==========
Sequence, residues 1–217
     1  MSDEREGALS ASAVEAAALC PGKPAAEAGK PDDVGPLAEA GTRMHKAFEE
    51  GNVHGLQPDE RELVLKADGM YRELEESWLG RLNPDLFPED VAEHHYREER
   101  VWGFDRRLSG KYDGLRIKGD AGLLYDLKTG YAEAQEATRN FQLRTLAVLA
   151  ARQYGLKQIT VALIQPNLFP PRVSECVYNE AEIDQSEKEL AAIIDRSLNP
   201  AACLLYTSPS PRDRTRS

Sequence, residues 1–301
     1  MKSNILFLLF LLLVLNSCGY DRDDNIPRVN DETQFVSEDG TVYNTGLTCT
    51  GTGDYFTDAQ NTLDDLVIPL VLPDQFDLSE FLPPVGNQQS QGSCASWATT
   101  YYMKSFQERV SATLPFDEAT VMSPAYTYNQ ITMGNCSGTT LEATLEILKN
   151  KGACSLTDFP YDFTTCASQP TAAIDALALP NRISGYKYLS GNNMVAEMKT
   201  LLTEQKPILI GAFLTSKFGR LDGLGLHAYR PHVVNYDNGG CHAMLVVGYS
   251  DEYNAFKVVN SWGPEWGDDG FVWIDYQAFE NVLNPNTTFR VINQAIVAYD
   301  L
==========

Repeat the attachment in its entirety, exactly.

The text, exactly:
Sequence, residues 1–217
     1  MSDEREGALS ASAVEAAALC PGKPAAEAGK PDDVGPLAEA GTRMHKAFEE
    51  GNVHGLQPDE RELVLKADGM YRELEESWLG RLNPDLFPED VAEHHYREER
   101  VWGFDRRLSG KYDGLRIKGD AGLLYDLKTG YAEAQEATRN FQLRTLAVLA
   151  ARQYGLKQIT VALIQPNLFP PRVSECVYNE AEIDQSEKEL AAIIDRSLNP
   201  AACLLYTSPS PRDRTRS

Sequence, residues 1–301
     1  MKSNILFLLF LLLVLNSCGY DRDDNIPRVN DETQFVSEDG TVYNTGLTCT
    51  GTGDYFTDAQ NTLDDLVIPL VLPDQFDLSE FLPPVGNQQS QGSCASWATT
   101  YYMKSFQERV SATLPFDEAT VMSPAYTYNQ ITMGNCSGTT LEATLEILKN
   151  KGACSLTDFP YDFTTCASQP TAAIDALALP NRISGYKYLS GNNMVAEMKT
   201  LLTEQKPILI GAFLTSKFGR LDGLGLHAYR PHVVNYDNGG CHAMLVVGYS
   251  DEYNAFKVVN SWGPEWGDDG FVWIDYQAFE NVLNPNTTFR VINQAIVAYD
   301  L